Join club or rent

Discussion in 'Pilot Training' started by Etherscreen, Jul 18, 2020.

  1. Etherscreen

    Etherscreen Filing Flight Plan

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    I started taking flying lessons again and I am a few hours in. I’m currently renting from an airport very close to my house and a 172 runs for $168 an hour wet.

    There’s a flying club 20 minutes away at a different airport that charges $2000 to join and then it is $60 dry. I figure 7 gallons per hour so about $90 per hour wet. They also have several different airplanes in their club including a debonair, 182, and Archer.

    If my math is correct 25 hours is the break even point after joining the club compared to renting a 172. Being a rusty pilot I can see using up all of this 25 hours just in becoming current.

    I initially got my private pilots license by just renting but was curious if anyone had any good experiences from clubs and any of the pitfalls or downsides.
     
  2. smv

    smv Cleared for Takeoff

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    Is the $2000 returnable or can you sell your "share" when you leave the club or does it simply vanish into the abyss?
     
  3. AggieMike88

    AggieMike88 Touchdown! Greaser!

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    The original "I don't know it all" of aviation.
    In addition to the $2000 being recoverable,
    • Any monthly dues?
    • If you took the plane for a multi-day trip, is there any minimum daily charge (frequently stated as 1 or 2 hours?)
    • What are the insurance requirements you must meet?
    • How well maintained are the airplanes? How well is maintenance needs managed?
    • How available are the airplanes? Is there lots of competition for desirable times slots such as weekends, holidays, and major aviation events?
    • Who owns the airplanes? The club? Or are they dry leased from others?
    • How good are the clubs financials? Can they afford to replace an engine if that was needed tomorrow?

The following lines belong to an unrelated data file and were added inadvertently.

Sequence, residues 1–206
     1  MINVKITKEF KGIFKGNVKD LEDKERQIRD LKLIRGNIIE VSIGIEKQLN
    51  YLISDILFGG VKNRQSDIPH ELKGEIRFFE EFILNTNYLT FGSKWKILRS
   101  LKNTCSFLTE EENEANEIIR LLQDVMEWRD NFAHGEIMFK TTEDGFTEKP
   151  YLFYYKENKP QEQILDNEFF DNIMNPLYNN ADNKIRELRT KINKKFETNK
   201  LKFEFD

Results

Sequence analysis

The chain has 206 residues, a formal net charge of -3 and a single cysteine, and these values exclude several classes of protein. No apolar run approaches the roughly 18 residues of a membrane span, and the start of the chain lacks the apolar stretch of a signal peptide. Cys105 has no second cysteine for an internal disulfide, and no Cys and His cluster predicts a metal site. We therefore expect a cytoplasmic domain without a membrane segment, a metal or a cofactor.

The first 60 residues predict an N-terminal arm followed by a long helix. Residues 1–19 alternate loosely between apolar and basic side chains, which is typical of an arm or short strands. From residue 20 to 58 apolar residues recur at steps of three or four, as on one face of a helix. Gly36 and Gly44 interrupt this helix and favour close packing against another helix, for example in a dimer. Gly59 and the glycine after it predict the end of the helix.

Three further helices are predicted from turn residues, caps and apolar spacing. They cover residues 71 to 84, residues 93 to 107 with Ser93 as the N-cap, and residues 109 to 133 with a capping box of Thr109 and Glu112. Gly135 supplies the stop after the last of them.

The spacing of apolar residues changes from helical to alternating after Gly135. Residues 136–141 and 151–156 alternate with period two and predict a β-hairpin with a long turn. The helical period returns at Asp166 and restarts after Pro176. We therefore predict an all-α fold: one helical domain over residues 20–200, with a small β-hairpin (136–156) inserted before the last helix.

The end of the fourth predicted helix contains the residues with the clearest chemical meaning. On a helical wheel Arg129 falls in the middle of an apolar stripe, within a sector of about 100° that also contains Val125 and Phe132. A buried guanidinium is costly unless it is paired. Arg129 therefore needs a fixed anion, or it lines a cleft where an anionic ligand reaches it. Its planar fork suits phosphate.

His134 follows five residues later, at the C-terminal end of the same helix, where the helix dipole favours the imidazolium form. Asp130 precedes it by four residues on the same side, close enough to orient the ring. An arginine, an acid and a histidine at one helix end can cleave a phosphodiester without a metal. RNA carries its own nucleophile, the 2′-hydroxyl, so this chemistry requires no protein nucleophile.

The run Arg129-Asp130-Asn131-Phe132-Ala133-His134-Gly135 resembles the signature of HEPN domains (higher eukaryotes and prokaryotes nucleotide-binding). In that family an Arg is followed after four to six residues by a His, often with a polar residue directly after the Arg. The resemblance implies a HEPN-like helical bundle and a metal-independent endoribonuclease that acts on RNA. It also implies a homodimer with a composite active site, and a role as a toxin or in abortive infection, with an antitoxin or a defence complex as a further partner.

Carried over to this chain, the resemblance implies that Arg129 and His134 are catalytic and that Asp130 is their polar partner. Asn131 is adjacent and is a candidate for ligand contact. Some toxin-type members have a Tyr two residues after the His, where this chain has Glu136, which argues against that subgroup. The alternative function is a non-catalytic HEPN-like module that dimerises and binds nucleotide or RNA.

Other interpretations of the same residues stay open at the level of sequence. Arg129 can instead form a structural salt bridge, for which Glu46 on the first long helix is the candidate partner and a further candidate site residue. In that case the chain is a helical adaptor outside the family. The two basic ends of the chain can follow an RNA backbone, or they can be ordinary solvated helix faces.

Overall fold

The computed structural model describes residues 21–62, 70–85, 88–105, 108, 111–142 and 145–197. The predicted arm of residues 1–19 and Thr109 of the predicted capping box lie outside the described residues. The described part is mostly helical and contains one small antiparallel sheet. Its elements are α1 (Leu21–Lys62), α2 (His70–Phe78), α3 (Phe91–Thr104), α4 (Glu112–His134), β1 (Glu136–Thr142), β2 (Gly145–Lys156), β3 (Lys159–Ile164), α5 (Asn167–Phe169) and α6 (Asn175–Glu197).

Clubs and co-owner groups can be a good arrangement. Just do some reasonable due diligence before hitching your cart to their wagon train
     
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  4. Ryanb

    Ryanb Touchdown! Greaser! PoA Supporter

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    Figure 10 gallons per hour to be more realistic. Still, $168hr is steep for a 172. I’d gather some more info on the club and probably lean that direction.
     
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  5. Jim K

    Jim K Line Up and Wait

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    I have no experience renting; no rentals available at my local airport. I joined a club and did all my training in the club plane. The thing I didn't expect was that in addition to access to the airplanes, I also got a support group who helped me find a cfi, and answered questions along the way. I don't have any family or friends who fly, so having people to ask questions of has been valuable. I also sit in on all the meetings, and it has been educational with regards to airplane ownership.... what things cost and what kind of expenses pop up. It's been a wonderful experience, and I'm hoping that when I eventually buy an airplane, I can lease it to the club and remain a member.